Table_2_Cold Acclimation Improves the Desiccation Stress Resilience of Polar Strains of Klebsormidium (Streptophyta).xlsx (36.58 kB)

Table_2_Cold Acclimation Improves the Desiccation Stress Resilience of Polar Strains of Klebsormidium (Streptophyta).xlsx

Download (36.58 kB)
posted on 06.08.2019, 04:27 by Martin Rippin, Nadine Borchhardt, Ulf Karsten, Burkhard Becker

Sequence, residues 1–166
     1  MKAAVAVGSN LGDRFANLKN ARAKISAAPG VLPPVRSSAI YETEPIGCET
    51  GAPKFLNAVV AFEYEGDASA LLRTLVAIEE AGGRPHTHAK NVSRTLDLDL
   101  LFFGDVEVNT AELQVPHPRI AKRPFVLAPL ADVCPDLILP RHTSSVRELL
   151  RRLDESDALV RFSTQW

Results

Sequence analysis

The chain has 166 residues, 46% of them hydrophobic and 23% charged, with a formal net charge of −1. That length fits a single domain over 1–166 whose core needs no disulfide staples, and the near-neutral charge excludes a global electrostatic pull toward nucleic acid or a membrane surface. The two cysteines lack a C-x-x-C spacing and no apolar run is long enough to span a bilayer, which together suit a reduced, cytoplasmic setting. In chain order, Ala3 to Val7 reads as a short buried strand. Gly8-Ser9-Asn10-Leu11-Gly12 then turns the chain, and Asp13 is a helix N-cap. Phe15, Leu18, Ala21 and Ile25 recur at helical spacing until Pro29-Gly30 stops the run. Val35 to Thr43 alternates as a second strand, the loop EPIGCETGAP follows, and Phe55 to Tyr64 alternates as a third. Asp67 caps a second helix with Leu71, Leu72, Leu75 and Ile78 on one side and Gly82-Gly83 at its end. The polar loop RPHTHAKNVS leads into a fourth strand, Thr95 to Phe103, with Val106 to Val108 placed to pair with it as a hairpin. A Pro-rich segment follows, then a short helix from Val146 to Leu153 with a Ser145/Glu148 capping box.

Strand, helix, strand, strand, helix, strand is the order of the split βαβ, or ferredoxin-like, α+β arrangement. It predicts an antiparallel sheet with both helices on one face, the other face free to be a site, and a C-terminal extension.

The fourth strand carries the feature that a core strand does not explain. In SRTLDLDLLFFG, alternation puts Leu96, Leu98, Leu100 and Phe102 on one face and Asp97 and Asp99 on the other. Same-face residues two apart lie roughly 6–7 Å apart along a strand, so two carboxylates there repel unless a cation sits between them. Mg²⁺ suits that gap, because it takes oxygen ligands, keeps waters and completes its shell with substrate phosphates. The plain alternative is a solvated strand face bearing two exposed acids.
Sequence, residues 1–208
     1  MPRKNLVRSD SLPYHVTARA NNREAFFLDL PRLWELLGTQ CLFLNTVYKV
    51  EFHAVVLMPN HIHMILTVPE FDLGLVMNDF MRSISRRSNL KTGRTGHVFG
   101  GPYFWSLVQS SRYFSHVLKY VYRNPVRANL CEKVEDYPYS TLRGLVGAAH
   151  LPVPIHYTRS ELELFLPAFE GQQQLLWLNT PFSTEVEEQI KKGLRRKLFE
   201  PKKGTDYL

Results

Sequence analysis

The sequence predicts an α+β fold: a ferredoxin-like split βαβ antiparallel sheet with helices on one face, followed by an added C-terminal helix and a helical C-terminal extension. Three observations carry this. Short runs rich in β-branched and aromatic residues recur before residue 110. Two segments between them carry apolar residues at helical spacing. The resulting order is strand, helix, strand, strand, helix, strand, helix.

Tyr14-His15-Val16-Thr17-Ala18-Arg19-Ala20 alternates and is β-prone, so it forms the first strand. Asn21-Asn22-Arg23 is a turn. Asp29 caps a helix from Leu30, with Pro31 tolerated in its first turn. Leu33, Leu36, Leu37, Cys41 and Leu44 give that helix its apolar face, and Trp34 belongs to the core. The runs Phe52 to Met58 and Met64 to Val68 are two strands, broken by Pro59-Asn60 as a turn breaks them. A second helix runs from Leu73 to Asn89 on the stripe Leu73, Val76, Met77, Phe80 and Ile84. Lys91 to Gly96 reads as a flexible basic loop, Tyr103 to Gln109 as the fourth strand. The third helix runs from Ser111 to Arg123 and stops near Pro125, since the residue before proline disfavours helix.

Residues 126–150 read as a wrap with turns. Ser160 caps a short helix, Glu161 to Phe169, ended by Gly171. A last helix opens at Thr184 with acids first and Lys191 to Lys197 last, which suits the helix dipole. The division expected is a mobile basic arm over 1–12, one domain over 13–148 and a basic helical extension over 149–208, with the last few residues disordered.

Biological soil crusts (BSCs) are complex communities of autotrophic, heterotrophic, and saprotrophic (micro)organisms. In the polar regions, these biocrust communities have essential ecological functions such as primary production, nitrogen fixation, and ecosystem engineering while coping with extreme environmental conditions (temperature, desiccation, and irradiation). The microalga Klebsormidium is commonly found in BSCs all across the globe. The ecophysiological resilience of various Klebsormidium species to desiccation and other stresses has been studied intensively. Here we present the results of transcriptomic analyses of two different Klebsormidium species, K. dissectum and K. flaccidum, isolated from Antarctic and Arctic BSCs. We performed desiccation stress experiments at two different temperatures mimicking fluctuations associated with global change. Cultures grown on agar plates were desiccated on membrane filters at 10% relative air humidity until the photosynthetic activity as reflected in the effective quantum yield of photosystem II [Y(II)] ceased. For both species, the response to dehydration was much faster at the higher temperature. At the transcriptome level both species responded more strongly to the desiccation stress at the higher temperature suggesting that adaptation to cold conditions enhanced the resilience of both algae to desiccation stress. Interestingly, the two different species responded differently to the applied desiccation stress with respect to the number as well as function of genes showing differential gene expression. The portion of differentially expressed genes shared between both taxa was surprisingly low indicating that both Klebsormidium species adapted independently to the harsh conditions of Antarctica and the Arctic, respectively. Overall, our results indicate that environmental acclimation has a great impact on gene expression and the response to desiccation stress in Klebsormidium.